The Bite is On! Fishing for Salmon off California Coast is Best in Years
July 18, 2012
Brett Kormos, DFG Marine Region, (707) 576-3429
Carrie Wilson, DFG Communications, (831) 649-7191
If your fishing gear has been in the garage collecting dust, now’s the time to pull it out because the salmon are here, and the bite is on! Anglers and sport-fishing charters off the California coast are returning to the docks with full boats and happy customers as the strong ocean salmon bite continues, making 2012 one of the best salmon seasons in years.
Mild weather and good ocean conditions are contributing to what fishermen and Department of Fish and Game (DFG) officials hope will continue to be a robust year for ocean salmon fishing. Hopes are also high for big returns to California rivers this fall.
“Thanks to the favorable ocean conditions and plentiful food, all the reports we are receiving from the coast are very positive,” said DFG Northern Regional Manager Neil Manji. “The charter boats are coming back early enough to make two trips a day because everyone has been catching their limits.”
The daily bag and possession limit is two salmon per person and the minimum size limit is 20 inches.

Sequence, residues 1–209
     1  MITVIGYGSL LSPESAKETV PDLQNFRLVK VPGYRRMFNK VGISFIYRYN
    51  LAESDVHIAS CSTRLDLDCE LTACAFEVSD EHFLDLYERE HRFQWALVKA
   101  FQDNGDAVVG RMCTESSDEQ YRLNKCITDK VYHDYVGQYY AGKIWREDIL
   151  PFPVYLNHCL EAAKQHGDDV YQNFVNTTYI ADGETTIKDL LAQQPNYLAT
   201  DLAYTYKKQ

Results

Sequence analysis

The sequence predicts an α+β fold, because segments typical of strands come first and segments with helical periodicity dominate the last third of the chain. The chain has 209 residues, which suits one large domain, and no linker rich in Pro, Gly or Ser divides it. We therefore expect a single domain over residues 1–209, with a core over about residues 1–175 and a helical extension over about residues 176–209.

After several years of closed and reduced salmon fishing seasons, DFG and federal officials earlier this year estimated there would be thousands of adult salmon off the coast available for harvest. When ready, the fish will move inland for a run to their traditional spawning grounds.
Early forecasts predicted 819,000 adult Sacramento River fall-run Chinook and 1.7 million Klamath River fall-run Chinook adults off the coast. Since the opener in April, recreational harvest estimates for Chinook salmon off the California coast are the highest recorded since 2004. North of Horse Mountain, the totals are the highest since 2006 and five times those from 2011 during the same time period.
San Francisco’s area harvest is the highest since 2006 and landings in the Monterey area are the best seen since 2004. In the Fort Bragg area, landings have been more moderate, although comparable to seasons that occurred there in 2003 and 2004.
“In my 26 years of working with salmon on the North Coast, I have never seen such a remarkable beginning to a salmon season. If the start of the season is any indication of what’s in store for the second half, anglers should not miss this opportunity of a lifetime. Get out there and take advantage of this epic bite!” added Manji.